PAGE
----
Stricter manufacturing protocols, for example, would be very helpful. Manufacturers can take steps to be careful to clearly distinguish how they label their products. Recently, I saw an unsettling Twitter thread where a father with a young daughter allergic to tree nuts accidentally purchased the cashew milk version of a vegan ice cream because the packaging was almost identical to the coconut milk version. This kind of mix-up is entirely preventable, and manufacturers should provide visual aids to help food-allergic consumers easily distinguish between products. (In addition, we as allergic consumers must do our regular diligence of label reading, mindful that product ingredients can and do change.)
As always, there is plenty that restaurants can do to make dining a more comfortable experience for patrons with food allergies, whether they are plant-based or not. For example, clearly labeling allergens on menus; this would have greatly eased my vegan ranch concern. Restaurants can also try to offer more vegetarian and vegan meal options, including some that consciously do not include common allergens like peanuts, tree nuts, or soy. This may require some creativity, but it is far from impossible.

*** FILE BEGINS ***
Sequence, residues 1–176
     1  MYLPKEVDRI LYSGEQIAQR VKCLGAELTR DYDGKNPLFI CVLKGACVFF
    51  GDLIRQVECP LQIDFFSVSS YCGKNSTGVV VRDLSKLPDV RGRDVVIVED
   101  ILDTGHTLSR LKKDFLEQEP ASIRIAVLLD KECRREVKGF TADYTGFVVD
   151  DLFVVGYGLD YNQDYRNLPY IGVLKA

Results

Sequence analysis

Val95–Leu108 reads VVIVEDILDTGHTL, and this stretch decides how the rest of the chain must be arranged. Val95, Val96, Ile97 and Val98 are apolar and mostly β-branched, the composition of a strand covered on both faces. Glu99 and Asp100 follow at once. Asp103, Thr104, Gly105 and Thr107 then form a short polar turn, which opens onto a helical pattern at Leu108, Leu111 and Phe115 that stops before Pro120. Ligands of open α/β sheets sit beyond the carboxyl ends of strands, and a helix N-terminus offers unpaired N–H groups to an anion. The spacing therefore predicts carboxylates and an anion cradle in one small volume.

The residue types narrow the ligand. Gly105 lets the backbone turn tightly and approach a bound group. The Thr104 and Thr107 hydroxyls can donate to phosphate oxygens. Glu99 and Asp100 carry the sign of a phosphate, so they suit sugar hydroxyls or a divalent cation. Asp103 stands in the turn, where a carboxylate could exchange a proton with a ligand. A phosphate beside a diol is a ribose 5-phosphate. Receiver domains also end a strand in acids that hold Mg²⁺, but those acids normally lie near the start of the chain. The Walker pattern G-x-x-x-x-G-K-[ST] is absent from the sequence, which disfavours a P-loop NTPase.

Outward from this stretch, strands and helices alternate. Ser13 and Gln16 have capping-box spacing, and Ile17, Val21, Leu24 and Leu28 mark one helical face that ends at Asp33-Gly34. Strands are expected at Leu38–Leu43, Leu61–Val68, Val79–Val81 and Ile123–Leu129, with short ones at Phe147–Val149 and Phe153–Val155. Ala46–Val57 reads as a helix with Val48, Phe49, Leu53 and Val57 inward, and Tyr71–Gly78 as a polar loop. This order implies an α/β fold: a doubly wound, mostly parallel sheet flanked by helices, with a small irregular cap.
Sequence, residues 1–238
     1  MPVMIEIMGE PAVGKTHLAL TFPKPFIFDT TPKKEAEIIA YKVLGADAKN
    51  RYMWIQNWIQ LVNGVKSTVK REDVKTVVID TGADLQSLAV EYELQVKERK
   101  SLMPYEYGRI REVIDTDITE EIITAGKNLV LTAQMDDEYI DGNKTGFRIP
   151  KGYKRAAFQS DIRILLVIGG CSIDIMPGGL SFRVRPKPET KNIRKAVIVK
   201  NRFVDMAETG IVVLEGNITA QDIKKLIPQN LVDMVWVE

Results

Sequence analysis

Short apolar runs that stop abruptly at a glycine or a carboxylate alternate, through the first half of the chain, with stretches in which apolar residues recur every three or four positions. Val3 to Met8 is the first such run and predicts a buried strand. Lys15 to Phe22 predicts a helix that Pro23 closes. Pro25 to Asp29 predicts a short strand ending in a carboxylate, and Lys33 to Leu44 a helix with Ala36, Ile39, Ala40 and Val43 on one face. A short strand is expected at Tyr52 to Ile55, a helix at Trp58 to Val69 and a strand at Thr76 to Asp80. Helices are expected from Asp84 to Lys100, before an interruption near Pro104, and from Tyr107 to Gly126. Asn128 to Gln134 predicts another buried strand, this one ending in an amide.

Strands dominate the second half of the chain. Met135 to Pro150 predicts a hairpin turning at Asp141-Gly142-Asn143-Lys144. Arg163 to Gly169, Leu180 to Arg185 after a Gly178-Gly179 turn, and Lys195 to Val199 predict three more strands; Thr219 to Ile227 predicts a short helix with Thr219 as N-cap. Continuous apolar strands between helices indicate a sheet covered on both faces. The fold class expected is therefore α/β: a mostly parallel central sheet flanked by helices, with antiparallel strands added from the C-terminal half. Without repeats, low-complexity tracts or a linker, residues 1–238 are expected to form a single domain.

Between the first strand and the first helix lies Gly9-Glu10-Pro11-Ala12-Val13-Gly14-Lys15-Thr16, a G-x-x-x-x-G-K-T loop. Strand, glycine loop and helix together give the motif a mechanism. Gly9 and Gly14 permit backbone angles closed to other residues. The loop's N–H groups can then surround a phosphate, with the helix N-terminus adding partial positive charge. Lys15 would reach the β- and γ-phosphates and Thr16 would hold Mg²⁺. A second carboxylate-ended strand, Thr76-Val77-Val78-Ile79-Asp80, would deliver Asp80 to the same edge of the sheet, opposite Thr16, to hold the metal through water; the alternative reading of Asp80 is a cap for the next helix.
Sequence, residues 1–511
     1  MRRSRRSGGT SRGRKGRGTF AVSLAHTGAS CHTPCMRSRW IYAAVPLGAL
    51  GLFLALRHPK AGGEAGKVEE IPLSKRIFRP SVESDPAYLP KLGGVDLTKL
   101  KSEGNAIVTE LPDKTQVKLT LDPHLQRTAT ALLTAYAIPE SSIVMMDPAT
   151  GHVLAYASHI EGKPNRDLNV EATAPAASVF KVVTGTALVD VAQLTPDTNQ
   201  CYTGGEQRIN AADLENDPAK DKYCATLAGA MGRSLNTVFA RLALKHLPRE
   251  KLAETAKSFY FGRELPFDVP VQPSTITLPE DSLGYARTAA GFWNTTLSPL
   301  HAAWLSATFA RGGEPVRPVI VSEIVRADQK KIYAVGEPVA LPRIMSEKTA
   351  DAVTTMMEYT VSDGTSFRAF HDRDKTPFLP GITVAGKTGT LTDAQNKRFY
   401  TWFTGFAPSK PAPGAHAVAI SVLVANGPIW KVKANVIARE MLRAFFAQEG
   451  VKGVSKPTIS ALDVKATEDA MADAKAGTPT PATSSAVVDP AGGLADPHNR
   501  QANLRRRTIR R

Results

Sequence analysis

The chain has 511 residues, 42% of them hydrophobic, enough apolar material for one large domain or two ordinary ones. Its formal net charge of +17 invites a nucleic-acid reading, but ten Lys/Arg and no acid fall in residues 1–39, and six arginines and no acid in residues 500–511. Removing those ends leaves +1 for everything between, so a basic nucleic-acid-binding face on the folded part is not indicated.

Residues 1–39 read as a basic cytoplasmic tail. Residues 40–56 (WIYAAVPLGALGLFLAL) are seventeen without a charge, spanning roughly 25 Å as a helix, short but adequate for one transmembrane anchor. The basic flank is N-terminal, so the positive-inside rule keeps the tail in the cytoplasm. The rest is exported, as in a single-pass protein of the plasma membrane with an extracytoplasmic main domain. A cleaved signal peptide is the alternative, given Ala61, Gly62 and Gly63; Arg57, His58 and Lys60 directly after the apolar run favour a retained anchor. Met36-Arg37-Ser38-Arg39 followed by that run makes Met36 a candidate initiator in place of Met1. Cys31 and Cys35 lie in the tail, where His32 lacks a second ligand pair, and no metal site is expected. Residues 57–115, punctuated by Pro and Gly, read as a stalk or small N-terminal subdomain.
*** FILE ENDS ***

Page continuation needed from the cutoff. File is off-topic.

My journey towards a more plant-based lifestyle has been overall a success. The world of plant-based foods is exciting and growing every day, including new options that are allergy-friendly. I recently had a very positive experience at a nut-free vegan gelato bar that describes itself as “allergy-conscious” and uses vegan/allergy-friendly crossover products (like those from Enjoy Life) to make their gelato. This type of establishment demonstrates that having food allergies and eating plant-based do not have to be mutually exclusive.
This makes me excited about the new possibilities that plant-based food innovation is generating. Maybe all we need is a little more creativity!
Hannah Lank, who is studying law in Toronto, is a regular Allergic Living contributor.